These twin houses are a kind of an in-between space that separates them physically. In a subtle way, the center court serves to perpetuate the spiritual bond between the two households. It makes for cordial relations and passion in the form of a shared space that gets used every day. It is obvious they have found the right balance.
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Story : /// Photo : /// Designer: Natasas Jeenphund and Yupayong Chaikachorntat
The owner of appealing twin house are two sisters, Chutima Bunnumkitsawat and Chutimon Siriwithayarat. Now married, They live in separate households that share the same compound. As anyone would expect, the twin residences look amazingly alike. But they are two distinctive entities. So we asked, and they answered.
“Originally They had planned on developing the property, on which we now live, to accommodate an extended family lifestyle. By chance, my husband came across one of the designs by Nat and contacted him right away before the big flood hit. We got down to the business of planning in earnest while the city was inundated in 2011,” Chutima said.
She said that the family has lived on this plot of land for three generations now, meaning those of Mom and Dad, the twin sisters themselves, and now the little ones.
Asked about design inspirations, Chutima said: “We both have kids roughly the same age. So family living spaces have got to be clearly defined. Simply put, we are two separate households now. Nonetheless, the two houses are set in the same compound. Mom and Dad can be with the kids here or there. Bottom line, our children will get to grow up together.”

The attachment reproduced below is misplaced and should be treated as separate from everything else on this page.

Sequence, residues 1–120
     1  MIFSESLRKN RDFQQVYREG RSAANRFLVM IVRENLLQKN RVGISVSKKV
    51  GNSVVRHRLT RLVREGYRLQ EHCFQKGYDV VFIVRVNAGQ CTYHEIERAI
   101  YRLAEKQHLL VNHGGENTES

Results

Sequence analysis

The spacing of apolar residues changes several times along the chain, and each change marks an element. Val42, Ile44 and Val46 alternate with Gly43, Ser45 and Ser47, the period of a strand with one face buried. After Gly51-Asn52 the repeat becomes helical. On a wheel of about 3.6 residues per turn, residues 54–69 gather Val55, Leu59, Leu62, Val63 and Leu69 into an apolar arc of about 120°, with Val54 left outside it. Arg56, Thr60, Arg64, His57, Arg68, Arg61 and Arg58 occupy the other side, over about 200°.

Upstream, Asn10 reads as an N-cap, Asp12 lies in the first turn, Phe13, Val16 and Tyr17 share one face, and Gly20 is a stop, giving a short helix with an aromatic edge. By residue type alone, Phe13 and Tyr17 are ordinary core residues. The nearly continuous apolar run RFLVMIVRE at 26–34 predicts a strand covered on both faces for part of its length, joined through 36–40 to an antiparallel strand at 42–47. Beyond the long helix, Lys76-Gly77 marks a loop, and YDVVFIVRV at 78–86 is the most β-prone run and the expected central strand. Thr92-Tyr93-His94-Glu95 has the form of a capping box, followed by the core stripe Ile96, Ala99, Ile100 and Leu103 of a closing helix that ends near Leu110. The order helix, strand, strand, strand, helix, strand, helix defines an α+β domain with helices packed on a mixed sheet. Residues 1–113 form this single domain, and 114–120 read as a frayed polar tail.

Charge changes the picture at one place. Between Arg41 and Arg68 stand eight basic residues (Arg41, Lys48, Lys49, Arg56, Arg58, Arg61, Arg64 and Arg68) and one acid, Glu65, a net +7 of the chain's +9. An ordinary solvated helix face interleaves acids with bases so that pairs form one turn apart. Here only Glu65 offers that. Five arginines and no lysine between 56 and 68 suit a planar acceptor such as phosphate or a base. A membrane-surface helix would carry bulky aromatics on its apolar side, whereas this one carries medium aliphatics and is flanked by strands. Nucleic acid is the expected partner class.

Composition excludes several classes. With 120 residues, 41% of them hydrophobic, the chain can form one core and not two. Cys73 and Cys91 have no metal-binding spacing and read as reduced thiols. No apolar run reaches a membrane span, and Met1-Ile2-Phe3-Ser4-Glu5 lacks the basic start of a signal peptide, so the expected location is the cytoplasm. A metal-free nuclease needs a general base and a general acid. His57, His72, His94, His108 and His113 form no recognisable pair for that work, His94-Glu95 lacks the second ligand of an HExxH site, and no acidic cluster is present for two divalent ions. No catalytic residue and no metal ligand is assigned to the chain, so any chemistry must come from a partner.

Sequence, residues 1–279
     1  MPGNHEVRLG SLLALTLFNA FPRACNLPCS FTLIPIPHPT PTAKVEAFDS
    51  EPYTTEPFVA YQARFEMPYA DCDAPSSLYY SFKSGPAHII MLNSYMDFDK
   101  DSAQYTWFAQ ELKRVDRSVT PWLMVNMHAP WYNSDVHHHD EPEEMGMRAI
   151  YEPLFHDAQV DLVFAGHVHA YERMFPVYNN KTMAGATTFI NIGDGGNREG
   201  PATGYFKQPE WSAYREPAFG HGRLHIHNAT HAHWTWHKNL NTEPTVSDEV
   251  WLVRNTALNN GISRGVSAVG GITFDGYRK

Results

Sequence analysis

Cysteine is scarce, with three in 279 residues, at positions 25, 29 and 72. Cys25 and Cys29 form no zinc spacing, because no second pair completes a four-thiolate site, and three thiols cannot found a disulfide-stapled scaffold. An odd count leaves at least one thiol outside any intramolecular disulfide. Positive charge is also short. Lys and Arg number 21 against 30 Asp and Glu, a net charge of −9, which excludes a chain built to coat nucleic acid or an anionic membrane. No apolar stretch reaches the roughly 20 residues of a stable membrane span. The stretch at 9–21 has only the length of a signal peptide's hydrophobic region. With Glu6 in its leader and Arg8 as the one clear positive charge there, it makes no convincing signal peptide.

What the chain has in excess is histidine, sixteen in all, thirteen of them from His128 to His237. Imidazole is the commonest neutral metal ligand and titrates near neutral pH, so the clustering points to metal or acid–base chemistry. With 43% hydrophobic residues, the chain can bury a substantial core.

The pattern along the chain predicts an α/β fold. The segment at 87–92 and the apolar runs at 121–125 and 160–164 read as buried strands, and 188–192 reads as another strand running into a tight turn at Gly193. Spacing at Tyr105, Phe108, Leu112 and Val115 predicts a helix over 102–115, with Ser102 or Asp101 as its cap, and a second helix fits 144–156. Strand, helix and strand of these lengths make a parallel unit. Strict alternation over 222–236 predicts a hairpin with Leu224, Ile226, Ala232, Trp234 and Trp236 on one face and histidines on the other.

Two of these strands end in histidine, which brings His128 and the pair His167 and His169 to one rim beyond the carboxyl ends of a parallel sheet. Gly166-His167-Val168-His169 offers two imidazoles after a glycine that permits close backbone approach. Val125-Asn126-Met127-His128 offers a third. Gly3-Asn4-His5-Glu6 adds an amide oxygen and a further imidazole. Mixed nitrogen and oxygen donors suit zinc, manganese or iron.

Chutimon said that despite being two separate entities, the twin houses are subtly tied to each other in so many ways.
Behind the perceived sameness there exist a fair amount of differences. By permission, we take a look around only to find, as is often said, plenty of different details in the find print. First, their lifestyles subtly differ. Chutima’s home features a design with an emphasis on vertical treatments that embrace the value of the family’s intimate living spaces. Patches of greenery in the vertical garden protect the privacy of the living room and nearby patio. Lush foliage makes for comfortable interior living spaces. Now let’s move over to the other side of the center court. Chutimon’s home boasts open and light interior design featuring ample horizontal spaces. Reminiscent of the traditional Thai-style home, the family interior living spaces look out over and connect to the center court. The bedroom comes with an open, spacious balcony that is the family’s favorite hangout spot.
The awesome twin houses complex is the brainchild of designers Natasas Jeenphund and Yupayong Chaikachorntat of Poetic Space Studio. As they put it, “The two homes highlight simple, clean line design. I want them to appear as two distinctive entities. It is like two well-pruned trees thriving side by side. Meantime, it is not about being totally separated. Basically, the plan is based on a design principle that aims to keep the two families very much together.” In a nutshell, the twin houses find the right balance not only in terms of land use but also in architectural style. More importantly, they bear testimony to passion and longing to be together and cherish the relationship made in heaven.
“Its simple Thai style home-on-stilts design allows ample spaces underneath. The second floor features a wood balcony large enough for multiple functions. Long eaves protect exterior walls from the elements. Opaque walls are put in place where the sun’s harsh glare is too much to bear. None of the interior living spaces are exposed to direct sunlight, resulting in comfortable living conditions.”
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Story: Supachart Boontang /// Photo: Sitthisak Namkham/// Architect: Arsom Silp Institute of the Arts